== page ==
2. Mindset: Each entrepreneur to undertake SWOT analysis; strategy research & development.
3. Deep Thinking: Each entrepreneur to undertake SWOT analysis; strategy research & development.
4. Positioning: Each entrepreneur to undertake SWOT analysis; strategy research & development.
5. Balance: Each entrepreneur to undertake SWOT analysis; strategy research & development.
6. Habits: Each entrepreneur to undertake SWOT analysis; strategy research & development.
7. Culture: Each entrepreneur to undertake SWOT analysis; strategy research & development.
8. Niche Identification: Each entrepreneur to undertake SWOT analysis; strategy research & development.
9. Interdepartmental Survey: Each entrepreneur to undertake SWOT analysis; strategy research & development.
10. Feasibility: Each entrepreneur to undertake SWOT analysis; strategy research & development.
11. Parameters: Each entrepreneur to undertake SWOT analysis; strategy research & development.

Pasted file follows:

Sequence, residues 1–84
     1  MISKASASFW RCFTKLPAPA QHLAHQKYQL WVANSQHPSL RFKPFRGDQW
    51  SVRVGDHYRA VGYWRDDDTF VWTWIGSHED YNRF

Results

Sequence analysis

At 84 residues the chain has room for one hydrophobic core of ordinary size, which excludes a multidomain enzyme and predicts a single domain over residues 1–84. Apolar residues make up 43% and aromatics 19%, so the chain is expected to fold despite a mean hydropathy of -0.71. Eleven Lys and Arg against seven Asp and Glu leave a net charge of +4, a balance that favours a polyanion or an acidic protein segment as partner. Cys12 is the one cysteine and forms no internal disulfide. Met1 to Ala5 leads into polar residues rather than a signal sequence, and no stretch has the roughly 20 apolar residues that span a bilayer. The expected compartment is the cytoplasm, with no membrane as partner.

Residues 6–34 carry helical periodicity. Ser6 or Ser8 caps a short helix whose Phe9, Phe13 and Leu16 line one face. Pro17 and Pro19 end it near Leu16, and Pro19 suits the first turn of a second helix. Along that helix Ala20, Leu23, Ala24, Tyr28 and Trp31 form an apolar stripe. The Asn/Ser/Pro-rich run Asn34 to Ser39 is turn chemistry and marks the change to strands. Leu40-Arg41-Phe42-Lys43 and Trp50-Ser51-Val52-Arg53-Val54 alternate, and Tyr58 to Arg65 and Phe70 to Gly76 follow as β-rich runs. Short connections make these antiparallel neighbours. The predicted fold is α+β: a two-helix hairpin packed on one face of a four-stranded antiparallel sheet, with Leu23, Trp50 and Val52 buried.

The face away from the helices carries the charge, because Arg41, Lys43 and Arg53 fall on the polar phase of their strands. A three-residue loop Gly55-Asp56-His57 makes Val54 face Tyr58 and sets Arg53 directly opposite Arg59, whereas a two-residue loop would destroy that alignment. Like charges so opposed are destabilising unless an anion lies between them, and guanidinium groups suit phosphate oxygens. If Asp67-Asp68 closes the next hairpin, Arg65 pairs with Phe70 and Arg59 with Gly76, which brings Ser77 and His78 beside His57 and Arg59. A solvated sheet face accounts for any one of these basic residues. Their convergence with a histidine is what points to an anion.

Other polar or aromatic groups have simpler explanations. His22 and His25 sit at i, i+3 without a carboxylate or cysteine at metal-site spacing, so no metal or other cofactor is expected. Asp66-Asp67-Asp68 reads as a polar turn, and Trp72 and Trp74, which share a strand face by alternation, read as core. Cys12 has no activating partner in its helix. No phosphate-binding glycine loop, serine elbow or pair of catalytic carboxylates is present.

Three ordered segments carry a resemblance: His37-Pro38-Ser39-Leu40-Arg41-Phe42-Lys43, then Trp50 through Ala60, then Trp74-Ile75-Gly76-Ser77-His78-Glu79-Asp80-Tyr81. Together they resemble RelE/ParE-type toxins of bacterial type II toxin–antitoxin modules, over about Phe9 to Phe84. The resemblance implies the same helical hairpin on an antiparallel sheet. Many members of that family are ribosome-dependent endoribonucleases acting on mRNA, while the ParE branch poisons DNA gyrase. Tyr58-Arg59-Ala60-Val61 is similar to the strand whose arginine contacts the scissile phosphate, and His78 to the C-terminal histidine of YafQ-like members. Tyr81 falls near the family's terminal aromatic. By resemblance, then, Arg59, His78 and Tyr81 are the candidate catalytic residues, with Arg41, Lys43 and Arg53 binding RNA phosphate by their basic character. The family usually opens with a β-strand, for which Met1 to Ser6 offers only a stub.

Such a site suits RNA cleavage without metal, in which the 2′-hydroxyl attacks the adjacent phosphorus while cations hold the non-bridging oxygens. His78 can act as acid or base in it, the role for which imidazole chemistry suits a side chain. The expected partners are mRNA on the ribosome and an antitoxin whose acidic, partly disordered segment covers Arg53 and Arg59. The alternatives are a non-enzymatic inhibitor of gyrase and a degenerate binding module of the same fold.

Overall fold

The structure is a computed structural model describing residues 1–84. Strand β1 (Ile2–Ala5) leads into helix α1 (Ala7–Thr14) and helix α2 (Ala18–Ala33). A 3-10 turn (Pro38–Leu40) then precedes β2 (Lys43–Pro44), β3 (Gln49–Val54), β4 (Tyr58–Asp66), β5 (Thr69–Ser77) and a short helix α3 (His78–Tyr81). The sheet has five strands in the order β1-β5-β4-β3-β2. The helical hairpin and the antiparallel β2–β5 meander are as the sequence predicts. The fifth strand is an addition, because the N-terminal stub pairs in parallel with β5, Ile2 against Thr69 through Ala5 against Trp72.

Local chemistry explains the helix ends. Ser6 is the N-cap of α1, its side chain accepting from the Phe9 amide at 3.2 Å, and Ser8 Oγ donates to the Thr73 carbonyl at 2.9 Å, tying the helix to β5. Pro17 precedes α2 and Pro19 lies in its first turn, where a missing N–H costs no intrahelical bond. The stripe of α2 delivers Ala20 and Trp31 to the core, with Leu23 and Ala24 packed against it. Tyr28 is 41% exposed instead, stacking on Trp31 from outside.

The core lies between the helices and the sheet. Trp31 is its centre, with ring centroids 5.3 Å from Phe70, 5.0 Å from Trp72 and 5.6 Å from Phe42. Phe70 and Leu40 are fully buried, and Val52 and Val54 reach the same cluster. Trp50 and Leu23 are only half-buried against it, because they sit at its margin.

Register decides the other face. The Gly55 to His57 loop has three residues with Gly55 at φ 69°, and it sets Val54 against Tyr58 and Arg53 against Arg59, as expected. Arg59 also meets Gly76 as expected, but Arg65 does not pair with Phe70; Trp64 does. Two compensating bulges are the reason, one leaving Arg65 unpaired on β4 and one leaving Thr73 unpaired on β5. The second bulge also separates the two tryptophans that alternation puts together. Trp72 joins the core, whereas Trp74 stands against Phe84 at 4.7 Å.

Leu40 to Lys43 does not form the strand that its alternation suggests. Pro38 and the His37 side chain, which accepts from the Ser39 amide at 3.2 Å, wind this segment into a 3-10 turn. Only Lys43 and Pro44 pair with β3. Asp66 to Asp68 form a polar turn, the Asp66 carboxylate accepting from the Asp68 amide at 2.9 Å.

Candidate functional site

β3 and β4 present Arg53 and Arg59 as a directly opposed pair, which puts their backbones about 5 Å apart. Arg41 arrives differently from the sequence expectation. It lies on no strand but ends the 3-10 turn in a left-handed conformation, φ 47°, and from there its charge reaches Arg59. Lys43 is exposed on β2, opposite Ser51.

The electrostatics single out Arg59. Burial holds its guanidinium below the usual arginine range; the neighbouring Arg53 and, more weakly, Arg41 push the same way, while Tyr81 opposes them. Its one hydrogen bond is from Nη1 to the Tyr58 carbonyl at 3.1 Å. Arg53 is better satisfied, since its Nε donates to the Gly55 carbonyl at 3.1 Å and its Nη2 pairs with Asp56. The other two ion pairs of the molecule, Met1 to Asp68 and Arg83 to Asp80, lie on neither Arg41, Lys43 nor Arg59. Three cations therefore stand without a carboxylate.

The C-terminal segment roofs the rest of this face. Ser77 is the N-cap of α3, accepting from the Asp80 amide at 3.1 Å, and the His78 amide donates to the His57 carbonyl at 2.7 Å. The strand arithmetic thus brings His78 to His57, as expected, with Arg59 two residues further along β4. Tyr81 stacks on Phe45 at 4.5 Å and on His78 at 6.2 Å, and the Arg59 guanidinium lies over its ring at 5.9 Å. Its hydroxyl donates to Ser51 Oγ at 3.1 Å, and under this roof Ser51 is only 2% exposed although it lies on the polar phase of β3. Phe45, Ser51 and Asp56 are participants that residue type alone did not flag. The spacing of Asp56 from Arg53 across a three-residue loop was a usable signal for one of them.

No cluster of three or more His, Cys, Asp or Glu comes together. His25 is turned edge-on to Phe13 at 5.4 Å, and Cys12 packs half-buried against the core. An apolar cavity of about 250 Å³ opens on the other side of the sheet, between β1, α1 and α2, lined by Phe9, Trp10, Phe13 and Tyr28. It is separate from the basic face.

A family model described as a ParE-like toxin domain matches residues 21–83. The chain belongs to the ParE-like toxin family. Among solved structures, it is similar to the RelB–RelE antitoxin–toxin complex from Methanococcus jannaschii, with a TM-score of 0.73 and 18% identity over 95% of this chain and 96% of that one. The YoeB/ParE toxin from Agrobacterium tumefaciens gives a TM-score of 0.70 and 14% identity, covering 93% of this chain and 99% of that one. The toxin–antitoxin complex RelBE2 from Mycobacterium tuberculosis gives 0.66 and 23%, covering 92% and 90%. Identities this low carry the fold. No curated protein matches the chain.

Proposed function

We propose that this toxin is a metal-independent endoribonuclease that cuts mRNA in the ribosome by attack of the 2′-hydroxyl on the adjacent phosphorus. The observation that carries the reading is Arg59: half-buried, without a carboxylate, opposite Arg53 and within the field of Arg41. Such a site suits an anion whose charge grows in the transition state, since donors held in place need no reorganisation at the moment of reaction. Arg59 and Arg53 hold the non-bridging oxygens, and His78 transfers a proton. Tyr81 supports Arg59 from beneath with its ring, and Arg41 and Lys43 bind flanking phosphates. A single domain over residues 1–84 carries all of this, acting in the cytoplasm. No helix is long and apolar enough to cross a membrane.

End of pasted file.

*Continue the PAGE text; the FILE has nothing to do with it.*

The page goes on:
12. Goal Establishment: Each entrepreneur to undertake SWOT analysis; strategy research & development.
1. Entrepreneurship Cycle: Create a task on your calendar, to be completed within the next month, in order to analyze the Entrepreneurship Cycle process.
2. Mindset: Create a task on your calendar, to be completed within the next month, in order to analyze the Mindset process.
3. Deep Thinking: Create a task on your calendar, to be completed within the next month, in order to analyze the Deep Thinking process.
4. Positioning: Create a task on your calendar, to be completed within the next month, in order to analyze the Positioning process.
5. Balance: Create a task on your calendar, to be completed within the next month, in order to analyze the Balance process.
6. Habits: Create a task on your calendar, to be completed within the next month, in order to analyze the Habits process.
7. Culture: Create a task on your calendar, to be completed within the next month, in order to analyze the Culture process.